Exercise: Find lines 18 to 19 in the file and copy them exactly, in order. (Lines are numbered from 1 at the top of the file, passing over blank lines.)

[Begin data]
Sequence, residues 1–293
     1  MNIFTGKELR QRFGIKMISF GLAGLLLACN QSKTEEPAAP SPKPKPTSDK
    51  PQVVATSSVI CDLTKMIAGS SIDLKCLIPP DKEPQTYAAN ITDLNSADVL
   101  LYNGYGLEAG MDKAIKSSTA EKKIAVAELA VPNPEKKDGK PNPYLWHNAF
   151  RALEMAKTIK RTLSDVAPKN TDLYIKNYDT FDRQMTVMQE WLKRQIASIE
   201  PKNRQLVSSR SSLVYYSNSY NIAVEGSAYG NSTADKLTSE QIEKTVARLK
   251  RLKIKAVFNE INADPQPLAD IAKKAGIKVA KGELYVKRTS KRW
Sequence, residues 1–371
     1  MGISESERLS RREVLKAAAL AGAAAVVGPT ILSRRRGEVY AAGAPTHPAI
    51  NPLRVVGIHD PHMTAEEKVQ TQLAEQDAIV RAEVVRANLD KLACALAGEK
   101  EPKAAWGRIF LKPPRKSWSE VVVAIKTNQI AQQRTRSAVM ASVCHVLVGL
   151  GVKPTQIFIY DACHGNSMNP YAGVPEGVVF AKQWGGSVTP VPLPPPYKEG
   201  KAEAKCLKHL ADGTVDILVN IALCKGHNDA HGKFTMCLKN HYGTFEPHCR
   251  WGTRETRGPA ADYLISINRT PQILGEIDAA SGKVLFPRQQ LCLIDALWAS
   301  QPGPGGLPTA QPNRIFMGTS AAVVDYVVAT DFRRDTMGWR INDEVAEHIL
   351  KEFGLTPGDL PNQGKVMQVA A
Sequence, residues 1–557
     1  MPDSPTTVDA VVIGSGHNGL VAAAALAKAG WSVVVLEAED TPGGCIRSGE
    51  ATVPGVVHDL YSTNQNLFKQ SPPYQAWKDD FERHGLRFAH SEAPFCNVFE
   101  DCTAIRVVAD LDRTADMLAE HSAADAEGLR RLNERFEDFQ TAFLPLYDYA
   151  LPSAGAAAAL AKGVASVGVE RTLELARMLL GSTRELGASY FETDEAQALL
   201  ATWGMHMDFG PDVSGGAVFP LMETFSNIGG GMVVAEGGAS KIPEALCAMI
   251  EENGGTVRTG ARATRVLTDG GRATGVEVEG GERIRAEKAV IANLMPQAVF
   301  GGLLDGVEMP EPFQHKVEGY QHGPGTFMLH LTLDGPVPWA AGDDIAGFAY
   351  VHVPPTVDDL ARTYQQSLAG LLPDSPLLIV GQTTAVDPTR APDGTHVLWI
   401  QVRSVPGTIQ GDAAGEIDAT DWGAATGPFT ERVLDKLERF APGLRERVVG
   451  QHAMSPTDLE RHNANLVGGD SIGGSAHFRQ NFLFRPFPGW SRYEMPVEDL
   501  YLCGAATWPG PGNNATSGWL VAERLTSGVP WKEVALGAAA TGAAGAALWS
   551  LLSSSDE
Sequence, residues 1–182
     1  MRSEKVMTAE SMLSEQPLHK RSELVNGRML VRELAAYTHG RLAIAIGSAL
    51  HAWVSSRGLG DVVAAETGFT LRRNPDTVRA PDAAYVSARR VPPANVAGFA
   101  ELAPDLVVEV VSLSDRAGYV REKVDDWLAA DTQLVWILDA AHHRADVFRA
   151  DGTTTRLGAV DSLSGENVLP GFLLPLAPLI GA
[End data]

     1  MPDSPTTVDA VVIGSGHNGL VAAAALAKAG WSVVVLEAED TPGGCIRSGE
    51  ATVPGVVHDL YSTNQNLFKQ SPPYQAWKDD FERHGLRFAH SEAPFCNVFE